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eg: if your app_name is foo then this would be:

    '{{ cookiecutter.project_slug }}',
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It is always nice to include the complete config while adding the app in the INSTALLED_APPS list. This maintains consistency when using signals.


The project uses django-configurations for class based settings, there are two configurations available, Dev and Prod, the common settings exist in config/, Dev in config/ and Prod in config/

You can use the DJANGO_CONFIGURATION environment variable to switch between the configurations, the Dev settings are used by default.

Environment Variables

Most of the configurations in the project are based on environment variables, you have the following options to use them:

  • Set them up in a .env file in the root of the project, i.e. the place where you have this file, you can refer to the .env.template for the available options and easily create your configuration file using that.
  • Set them up via the environment variables themselves.
  • Set them up in the docker / kubernetes runtime via the .env file, most of the things still remain the same except that you will need to get rid of the comments in .env.template while creating the .env file.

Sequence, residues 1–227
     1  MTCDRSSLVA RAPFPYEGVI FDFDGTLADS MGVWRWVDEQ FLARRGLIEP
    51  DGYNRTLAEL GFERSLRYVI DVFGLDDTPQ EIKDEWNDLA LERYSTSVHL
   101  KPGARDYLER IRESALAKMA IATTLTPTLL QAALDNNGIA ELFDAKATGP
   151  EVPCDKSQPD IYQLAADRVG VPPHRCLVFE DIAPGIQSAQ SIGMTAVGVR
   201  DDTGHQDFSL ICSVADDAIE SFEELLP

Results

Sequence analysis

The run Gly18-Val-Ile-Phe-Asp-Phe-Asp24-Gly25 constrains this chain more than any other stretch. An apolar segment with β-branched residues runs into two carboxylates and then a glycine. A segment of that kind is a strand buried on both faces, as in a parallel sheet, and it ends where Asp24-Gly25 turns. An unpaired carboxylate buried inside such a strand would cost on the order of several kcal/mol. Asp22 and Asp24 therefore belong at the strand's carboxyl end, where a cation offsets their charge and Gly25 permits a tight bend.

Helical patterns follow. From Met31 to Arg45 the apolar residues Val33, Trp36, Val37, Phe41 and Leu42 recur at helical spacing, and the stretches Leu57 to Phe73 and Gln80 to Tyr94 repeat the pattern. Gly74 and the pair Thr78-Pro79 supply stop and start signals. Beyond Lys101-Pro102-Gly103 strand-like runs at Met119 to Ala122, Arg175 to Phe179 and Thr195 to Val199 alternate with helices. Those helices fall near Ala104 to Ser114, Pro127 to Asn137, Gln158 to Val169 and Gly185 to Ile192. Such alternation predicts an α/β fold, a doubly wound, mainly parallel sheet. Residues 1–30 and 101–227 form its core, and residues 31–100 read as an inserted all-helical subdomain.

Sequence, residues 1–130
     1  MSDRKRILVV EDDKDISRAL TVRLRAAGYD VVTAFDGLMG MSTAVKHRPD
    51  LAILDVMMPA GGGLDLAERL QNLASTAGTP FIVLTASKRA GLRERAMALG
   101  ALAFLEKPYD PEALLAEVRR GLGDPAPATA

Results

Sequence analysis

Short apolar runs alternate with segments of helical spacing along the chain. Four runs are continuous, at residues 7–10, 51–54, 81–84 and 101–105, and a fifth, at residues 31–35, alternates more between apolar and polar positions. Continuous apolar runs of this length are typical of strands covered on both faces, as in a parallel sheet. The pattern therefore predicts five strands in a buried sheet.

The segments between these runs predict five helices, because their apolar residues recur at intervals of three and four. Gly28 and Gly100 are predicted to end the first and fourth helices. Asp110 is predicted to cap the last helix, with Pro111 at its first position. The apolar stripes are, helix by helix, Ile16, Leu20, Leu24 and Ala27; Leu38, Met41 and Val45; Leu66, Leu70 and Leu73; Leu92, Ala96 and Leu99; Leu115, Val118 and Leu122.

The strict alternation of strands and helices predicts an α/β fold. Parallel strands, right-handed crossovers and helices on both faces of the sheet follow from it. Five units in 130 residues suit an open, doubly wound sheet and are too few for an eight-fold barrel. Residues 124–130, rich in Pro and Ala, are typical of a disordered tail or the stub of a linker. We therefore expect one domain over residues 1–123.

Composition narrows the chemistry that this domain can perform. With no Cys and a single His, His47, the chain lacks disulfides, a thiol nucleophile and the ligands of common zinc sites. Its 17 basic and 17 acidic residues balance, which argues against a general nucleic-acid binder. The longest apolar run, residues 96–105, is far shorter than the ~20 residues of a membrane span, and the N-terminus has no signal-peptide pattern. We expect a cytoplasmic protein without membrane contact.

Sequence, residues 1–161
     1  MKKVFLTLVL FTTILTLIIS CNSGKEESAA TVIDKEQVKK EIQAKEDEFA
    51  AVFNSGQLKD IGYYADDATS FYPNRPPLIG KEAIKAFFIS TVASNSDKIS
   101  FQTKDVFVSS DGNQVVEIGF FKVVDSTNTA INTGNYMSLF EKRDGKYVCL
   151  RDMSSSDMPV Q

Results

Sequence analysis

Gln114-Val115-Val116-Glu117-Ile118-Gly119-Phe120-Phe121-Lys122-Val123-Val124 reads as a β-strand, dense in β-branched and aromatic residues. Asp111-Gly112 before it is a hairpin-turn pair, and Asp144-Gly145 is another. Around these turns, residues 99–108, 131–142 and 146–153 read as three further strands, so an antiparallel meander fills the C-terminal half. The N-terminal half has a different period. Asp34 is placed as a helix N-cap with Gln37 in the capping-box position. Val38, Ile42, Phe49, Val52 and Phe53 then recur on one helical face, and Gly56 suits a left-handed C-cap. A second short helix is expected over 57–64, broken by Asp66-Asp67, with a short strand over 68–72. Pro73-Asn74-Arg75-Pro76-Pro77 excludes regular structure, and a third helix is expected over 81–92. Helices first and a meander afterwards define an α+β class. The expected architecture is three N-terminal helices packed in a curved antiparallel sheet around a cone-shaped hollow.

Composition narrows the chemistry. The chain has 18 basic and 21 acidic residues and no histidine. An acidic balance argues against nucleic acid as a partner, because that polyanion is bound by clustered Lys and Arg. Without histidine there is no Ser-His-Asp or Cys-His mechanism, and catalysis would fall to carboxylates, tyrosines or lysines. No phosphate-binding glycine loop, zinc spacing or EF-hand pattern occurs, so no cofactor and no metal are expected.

You can still run the project without creating any of those files because there are defaults available to almost all of the required settings but, you will need to set up the db instances, rabbit mq (in case you want to use celery) and make sure the settings match the ones used by default in the configurations. It is recommended to always have a .env file managing these settings.

NOTE:- The values for {{ cookiecutter.project_slug | upper() }}_PASSWORD_RESET_URL and {{ cookiecutter.project_slug | upper() }}_EMAIL_VERIFICATION_URL needs to be set in order for these flows to work properly, they make sure that the redirection happens to the frontend URLs for password reset and email verification.

The email verification could either be a page that gets and processes the link and sends the corresponding request to BE for email verification or have a page that waits for an explicit confirmation with the user.


The project uses drf-yasg to auto-create documentation for the API endpoints, but the generated documentation is not very good, hence, this project uses a custom schema to manage the documentation.

The details for each endpoint are managed using a class, for example, the accounts app supports profile update, so the ProfileUpdate class is used to manage the documentation for that endpoint, it looks something like this:

class ProfileUpdate:
    desc = f"""
Profile Update is an API endpoint to update the profile associated
with a particular user.

By using this endpoint, you can make a patch call to update the profile
associated with any user. The {fields_to_md(ProfileCreateUpdateSerializer.fields_names)}
are the fields that can currently be updated
    """  # noqa

    responses = {
        "200": openapi.Response(
        "401": openapi.Response(
            description="Unauthorized", examples=profile_update_401_example
        "403": openapi.Response(